The Whitman-Walker Clinic has joined D.C. Council member David Catania (I-At Large) and city Attorney General Peter Nickles in expressing caution over how and when the city should implement a 1998 law that legalizes medical marijuana in the District.
Congress last week ended its nine-year ban on allowing the law to take effect when it approved a D.C. appropriations bill that didn’t include a rider blocking the law. District voters approved the law in a 1998 ballot initiative that passed with 69 percent of the vote.
“More than anything else, this is regarded as a very favorable turn of events,” said Thomas Kujawski, an official with the National Association for People With AIDS.
Kujawski said recent studies have shown that marijuana is especially helpful in alleviating side effects from powerful antiretroviral drugs used by AIDS patients, such as nausea and a painful nerve condition called peripheral neuropathy.
Catania, who chairs the Council’s Committee on Health, has said he favors legal use of marijuana for medical purposes, but believes the Council and the city’s Department of Health should carefully craft implementing rules before rushing to put the law into effect.
Nickles told the Washington Post last week that he has asked his staff to review whether the nine-year lag time since voters approved the law would prevent it from withstanding a legal challenge.
On a separate issue, Nickles and D.C. Council Chair Vincent Gray (D-At Large) said the city’s Home Rule charter requires the city to submit the law to Congress for a required review of 30 legislative days, just as all new D.C. laws must be subjected to such a review.
But D.C. Congressional Delegate Eleanor Holmes Norton (D-D.C.), disputed that view, saying Congress’s decision to lift its hold on the law amounted to a tacit approval, and the 30-day review would be an unnecessary redundancy. Congress blocked the law, known as Ballot Initiative 59, before the city had a chance to submit it for the normal congressional review.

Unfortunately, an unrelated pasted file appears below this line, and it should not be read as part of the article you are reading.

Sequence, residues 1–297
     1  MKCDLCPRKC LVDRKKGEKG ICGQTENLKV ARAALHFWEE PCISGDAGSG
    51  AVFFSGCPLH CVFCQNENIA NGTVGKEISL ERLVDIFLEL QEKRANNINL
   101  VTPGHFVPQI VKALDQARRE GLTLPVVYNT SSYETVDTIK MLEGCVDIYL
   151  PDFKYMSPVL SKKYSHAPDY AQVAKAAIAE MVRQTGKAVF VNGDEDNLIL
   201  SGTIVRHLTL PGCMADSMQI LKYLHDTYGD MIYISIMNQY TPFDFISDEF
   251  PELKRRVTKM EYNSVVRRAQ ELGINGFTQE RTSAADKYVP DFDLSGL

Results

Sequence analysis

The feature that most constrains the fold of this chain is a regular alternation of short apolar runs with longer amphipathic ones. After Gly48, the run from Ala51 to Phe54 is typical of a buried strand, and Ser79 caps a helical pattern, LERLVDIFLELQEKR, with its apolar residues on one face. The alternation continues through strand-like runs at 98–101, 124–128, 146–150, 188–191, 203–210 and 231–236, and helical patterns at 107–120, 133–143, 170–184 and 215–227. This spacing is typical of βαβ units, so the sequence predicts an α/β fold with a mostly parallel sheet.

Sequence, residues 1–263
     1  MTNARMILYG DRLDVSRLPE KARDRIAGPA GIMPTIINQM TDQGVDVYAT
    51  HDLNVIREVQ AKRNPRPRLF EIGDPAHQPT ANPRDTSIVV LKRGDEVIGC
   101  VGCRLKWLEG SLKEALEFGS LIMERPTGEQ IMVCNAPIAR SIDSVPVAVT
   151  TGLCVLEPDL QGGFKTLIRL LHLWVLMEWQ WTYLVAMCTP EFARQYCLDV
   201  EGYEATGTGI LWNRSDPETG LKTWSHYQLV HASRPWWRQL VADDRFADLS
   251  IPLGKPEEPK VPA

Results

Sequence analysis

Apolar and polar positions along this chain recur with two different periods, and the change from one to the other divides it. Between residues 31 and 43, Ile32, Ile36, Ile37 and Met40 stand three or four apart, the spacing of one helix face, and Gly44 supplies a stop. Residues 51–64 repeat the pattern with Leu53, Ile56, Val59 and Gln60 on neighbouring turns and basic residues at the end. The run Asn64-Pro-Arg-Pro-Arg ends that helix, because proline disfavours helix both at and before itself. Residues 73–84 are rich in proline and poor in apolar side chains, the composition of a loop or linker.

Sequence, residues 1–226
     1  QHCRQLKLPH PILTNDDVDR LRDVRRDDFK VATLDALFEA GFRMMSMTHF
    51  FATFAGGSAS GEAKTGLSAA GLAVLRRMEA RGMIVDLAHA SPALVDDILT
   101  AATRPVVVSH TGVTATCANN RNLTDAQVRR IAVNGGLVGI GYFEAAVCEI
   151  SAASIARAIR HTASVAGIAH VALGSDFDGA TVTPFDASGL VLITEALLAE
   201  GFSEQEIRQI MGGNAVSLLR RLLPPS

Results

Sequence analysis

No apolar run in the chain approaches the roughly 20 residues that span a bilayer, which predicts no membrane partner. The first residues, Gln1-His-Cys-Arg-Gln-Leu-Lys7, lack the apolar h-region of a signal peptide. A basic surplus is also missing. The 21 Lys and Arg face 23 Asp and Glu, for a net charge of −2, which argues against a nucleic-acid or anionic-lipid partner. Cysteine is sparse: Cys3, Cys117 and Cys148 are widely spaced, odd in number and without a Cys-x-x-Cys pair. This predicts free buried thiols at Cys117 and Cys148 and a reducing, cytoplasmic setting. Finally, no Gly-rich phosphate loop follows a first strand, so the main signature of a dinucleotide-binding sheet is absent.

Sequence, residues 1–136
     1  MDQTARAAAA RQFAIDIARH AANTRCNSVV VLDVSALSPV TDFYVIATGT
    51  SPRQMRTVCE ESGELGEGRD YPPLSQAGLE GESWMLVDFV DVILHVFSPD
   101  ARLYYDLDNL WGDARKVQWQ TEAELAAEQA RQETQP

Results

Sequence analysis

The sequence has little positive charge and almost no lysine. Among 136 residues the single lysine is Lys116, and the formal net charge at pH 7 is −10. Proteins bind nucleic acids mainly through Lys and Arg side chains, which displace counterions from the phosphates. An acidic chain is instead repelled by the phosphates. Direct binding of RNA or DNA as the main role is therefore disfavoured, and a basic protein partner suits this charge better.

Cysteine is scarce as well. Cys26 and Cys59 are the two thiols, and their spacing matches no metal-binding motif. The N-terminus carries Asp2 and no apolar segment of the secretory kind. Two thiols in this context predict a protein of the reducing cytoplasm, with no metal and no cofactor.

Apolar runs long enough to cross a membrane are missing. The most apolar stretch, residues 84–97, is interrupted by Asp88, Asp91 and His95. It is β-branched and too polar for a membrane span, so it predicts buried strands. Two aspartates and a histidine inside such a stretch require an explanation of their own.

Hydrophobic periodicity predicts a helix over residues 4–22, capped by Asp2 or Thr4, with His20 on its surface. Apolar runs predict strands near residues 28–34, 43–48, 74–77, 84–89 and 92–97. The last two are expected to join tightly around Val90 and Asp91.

Other city hall observers noted that while Gray and Norton hash out whether to send the law to Capitol Hill for congressional review, city officials were quietly expressing concern over whether the city government or private non-profit groups should take the lead in cultivating and distributing marijuana for medical purposes.
According to the text of Initiative 59, “All seriously ill individuals have the right to obtain and use marijuana for medical purposes” when a licensed physician determines it’s necessary for treatment and prescribes its use.
The law says that residents of the city “may organize and operate non-for-profit corporations for the purpose of cultivating, purchasing, and distributing marijuana exclusively for the medical use of patients.” It says the director of the D.C. Department of Consumer & Regulatory Affairs shall arrange for such non-profit corporations to be exempt from taxes that for-profit corporations normally must pay.
When asked if the Whitman-Walker Clinic, which serves as the city’s largest treatment facility for people with HIV and AIDS, would consider prescribing medical marijuana for its patients, Clinic spokesperson Chip Lewis told DC Agenda that it was too soon to make such a decision.
“Whitman-Walker Clinic believes that everyone living with HIV/AIDS or other chronic conditions should have access to legal medications under a physician’s care,” Lewis said. “If this law does take effect, we will have to do some thoughtful and careful planning, looking at current standards of care, before we could implement any program.”
Currently, medical marijuana is legal in Alaska, California, Colorado, Hawaii, Maine, Michigan, Montana, Nevada, New Mexico, Oregon, Rhode Island, Vermont and Washington state.
Kujawski pointed to a study reported in the February 2007 edition of the medical journal Neurology, which found that smoked marijuana was “well tolerated” and “effectively relieved chronic neuropathic pain from HIV-associated sensory neuropathy.”
He said the condition typically causes tingling or burning sensations in the limbs of AIDS patients. Experts aren’t sure if the condition is caused by HIV itself or is brought on by various antiretroviral drugs used to treat HIV.
“Anything that is going to result in improved health outcomes for individuals and/or anything that’s going to help support their adherence to their medical treatment regimens, we’re highly supportive of,” he said.
D.C. gay and AIDS activist Wayne Turner and his late domestic partner, Steve Michael, who died of AIDS months before Initiative 59 came before voters, have been credited with starting efforts to place the issue on the ballot. Turner was among the lead campaign organizers for the initiative.
He praised the Democratic controlled Congress for removing its hold on the law and has called on the city government to put the law in place as soon as possible.